4.   Do not ever drive or stop on a shoulder that slopes or that is not paved as it may give way and cause the equipment to overturn.                                                       

    PROPER TRIANGLE PLACEMENT
  9. Know Your Dimensions:

    Jul 26

    Posted in Safety

     

    Know Your Dimensions:

    Too often driver’s find themselves on a truck restricted route simply because they are unaware of the dimensions of their equipment. Save yourself a citation and CSA points by learning these standards(SHOULD BE IN YOUR PERMIT BOOK):

    Width of trailer 102” = 8’6”

    Height of trailer 13’6”

    Length of Tractor with Sleeper + 53’ trailer = 72’ to 75’. If your trailer has the rear aerodynamic tail wings add 3 more feet.

    A 53’ trailer the kingpin to tandem standard measurement is a minimum 37’ and maximum of 41’ to the midway point between the two rear axles of the trailer tandem. Different states have bridge laws that may allow different maximums. Example: MI the maximum allowed is 40’; CA maximum is also 40’ to the rear axle.

    Weight standards are 80,000 lbs gross- 12,000 lbs on the steers, 34,000 lbs on the drives, and 34,000 lbs on the trailer tandems.  You should always scale your load, and know your weights before going over a DOT Regulated Scale.

  10. Staying Healthy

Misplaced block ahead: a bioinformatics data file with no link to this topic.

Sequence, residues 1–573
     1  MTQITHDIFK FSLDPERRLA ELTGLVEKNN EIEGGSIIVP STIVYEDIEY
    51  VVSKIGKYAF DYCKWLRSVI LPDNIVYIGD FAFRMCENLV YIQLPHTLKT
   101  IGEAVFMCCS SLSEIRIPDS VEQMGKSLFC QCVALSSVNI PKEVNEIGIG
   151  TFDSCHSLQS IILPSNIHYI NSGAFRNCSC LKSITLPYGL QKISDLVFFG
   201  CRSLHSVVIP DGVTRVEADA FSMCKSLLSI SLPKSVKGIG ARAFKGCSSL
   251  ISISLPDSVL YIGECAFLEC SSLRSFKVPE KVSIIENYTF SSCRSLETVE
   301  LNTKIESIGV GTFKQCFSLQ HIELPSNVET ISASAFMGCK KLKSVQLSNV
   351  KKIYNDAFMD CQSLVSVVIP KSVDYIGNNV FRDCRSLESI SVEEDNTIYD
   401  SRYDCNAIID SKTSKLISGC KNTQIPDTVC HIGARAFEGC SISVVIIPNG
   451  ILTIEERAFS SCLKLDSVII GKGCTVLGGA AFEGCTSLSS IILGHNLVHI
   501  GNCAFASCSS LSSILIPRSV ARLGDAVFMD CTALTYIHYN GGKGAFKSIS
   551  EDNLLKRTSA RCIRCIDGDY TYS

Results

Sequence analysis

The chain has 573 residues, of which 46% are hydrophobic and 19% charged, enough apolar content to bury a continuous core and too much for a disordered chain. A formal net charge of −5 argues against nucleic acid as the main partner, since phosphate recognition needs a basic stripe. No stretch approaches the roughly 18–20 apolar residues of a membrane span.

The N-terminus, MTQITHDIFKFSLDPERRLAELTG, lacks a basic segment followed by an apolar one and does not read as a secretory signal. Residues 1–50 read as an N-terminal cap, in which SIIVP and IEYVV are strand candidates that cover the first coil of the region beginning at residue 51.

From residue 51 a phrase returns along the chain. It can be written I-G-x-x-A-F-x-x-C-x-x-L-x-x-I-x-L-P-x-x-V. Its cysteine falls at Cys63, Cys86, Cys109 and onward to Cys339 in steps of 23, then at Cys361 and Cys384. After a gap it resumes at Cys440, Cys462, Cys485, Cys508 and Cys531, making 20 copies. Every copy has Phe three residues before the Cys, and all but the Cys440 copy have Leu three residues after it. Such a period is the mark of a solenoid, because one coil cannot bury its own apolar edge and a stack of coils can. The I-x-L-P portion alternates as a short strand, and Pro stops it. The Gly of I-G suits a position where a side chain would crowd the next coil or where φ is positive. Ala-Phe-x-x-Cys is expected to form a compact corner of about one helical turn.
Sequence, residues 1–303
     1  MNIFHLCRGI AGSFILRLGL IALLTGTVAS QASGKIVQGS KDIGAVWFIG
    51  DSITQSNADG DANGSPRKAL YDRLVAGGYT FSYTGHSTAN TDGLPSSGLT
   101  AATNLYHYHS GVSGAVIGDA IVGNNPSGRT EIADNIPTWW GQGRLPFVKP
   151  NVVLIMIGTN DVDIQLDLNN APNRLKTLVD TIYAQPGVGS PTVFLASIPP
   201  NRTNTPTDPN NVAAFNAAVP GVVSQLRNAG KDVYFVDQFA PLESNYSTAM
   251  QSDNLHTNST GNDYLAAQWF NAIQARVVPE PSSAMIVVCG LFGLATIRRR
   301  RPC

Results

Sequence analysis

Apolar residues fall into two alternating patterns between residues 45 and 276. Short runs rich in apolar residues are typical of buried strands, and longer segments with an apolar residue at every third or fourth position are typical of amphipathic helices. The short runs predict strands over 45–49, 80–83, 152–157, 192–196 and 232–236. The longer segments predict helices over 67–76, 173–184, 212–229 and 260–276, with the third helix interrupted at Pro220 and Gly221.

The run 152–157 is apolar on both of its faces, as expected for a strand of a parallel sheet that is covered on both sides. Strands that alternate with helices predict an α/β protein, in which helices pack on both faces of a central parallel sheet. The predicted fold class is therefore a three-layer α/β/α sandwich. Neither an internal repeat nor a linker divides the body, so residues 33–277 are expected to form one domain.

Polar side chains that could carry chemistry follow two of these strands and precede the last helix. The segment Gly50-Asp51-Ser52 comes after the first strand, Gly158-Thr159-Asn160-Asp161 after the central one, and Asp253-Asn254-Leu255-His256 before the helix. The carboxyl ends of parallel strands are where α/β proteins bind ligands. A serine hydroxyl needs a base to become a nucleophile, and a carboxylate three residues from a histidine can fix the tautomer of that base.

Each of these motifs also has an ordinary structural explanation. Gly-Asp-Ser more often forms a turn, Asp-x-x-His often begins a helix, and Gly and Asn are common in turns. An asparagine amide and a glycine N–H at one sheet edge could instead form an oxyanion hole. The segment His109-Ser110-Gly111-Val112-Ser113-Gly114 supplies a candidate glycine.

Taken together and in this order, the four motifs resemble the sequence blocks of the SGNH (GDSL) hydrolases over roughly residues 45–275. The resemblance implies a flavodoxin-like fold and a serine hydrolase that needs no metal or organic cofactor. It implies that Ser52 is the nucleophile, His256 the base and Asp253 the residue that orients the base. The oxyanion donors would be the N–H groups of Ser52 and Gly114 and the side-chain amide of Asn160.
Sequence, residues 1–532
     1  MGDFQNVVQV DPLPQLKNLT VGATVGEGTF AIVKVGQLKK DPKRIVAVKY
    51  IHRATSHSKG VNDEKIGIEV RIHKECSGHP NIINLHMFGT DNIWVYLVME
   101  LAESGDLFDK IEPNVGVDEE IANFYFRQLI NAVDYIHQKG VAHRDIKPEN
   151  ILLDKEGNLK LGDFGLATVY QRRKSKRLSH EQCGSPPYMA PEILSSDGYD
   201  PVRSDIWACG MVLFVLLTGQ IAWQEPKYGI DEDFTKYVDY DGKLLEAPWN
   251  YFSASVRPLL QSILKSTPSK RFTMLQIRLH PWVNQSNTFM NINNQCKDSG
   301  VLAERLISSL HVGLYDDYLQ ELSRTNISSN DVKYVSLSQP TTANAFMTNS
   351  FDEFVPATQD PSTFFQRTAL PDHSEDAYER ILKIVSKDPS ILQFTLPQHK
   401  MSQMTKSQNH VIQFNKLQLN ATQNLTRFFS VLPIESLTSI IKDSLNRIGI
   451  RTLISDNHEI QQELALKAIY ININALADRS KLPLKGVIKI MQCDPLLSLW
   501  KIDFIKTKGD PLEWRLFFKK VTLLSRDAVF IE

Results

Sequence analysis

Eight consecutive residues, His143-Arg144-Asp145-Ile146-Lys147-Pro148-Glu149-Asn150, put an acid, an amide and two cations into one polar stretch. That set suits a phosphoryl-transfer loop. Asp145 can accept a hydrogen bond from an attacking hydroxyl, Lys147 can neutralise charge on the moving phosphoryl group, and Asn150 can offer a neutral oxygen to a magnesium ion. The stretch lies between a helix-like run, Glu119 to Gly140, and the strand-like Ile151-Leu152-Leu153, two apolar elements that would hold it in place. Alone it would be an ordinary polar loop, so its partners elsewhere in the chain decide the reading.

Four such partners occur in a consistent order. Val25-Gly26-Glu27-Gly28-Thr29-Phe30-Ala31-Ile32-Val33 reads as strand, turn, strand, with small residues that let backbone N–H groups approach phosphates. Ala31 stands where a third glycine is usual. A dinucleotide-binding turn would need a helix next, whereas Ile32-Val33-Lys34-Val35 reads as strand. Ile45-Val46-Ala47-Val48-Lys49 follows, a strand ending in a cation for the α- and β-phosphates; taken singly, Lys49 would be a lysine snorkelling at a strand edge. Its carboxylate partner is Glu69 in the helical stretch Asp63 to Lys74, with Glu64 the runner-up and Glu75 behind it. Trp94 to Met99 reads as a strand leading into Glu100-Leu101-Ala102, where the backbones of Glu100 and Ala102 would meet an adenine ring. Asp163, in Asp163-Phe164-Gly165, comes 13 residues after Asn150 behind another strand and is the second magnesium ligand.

Jul 25

    Posted in Safety

     

    Staying Healthy

     

    The life of a truck driver is fun for many who pursue the open road; however, it is easy to be unhealthy in this profession. Driving a truck all day, sleeping in a cab, and eating at truck stops can lead a trucker down an unhealthy path. However, there are ways to stay healthy as a trucker if that is your goal. Here’s 10 suggestions:

    1.Identify that you need to become healthier as a trucker if you are not already.As with most bad habits, a person has to admit that there is a problem and want to change it.

    2.Plan your day and include times to stop for food, snack, and exercise.

    3.Eat healthier food.Change the places where you eat if they only offer unhealthy options.  Review the menu that is offered and learn which items are healthier.

    4.Carry healthy snacks in your truck.Eat healthy snacks like fruit, nuts, or protein bars, and cut down on your portion sizes when eating lunch and dinner.

    5.Always have water available in your truck, and drink it often.

    6.Quit smoking, if you haven't already.

    7.Make time to exercise every day.When you schedule your route for the day, fit in time for a 45 minute walk. Walking is a great way to exercise your body, get fresh air, relax your mind, get your heart rate up, and your blood pumping.

    8.Remember to wash your hands before eating so you reduce the risk of getting sick.

    9.Get plenty of rest to rejuvenate your mind and body.Make sure you use your 10hr break and minimum 8hr sleeper berth time to get your needed rest.

    10.Include a vitamin regimen in your daily routine.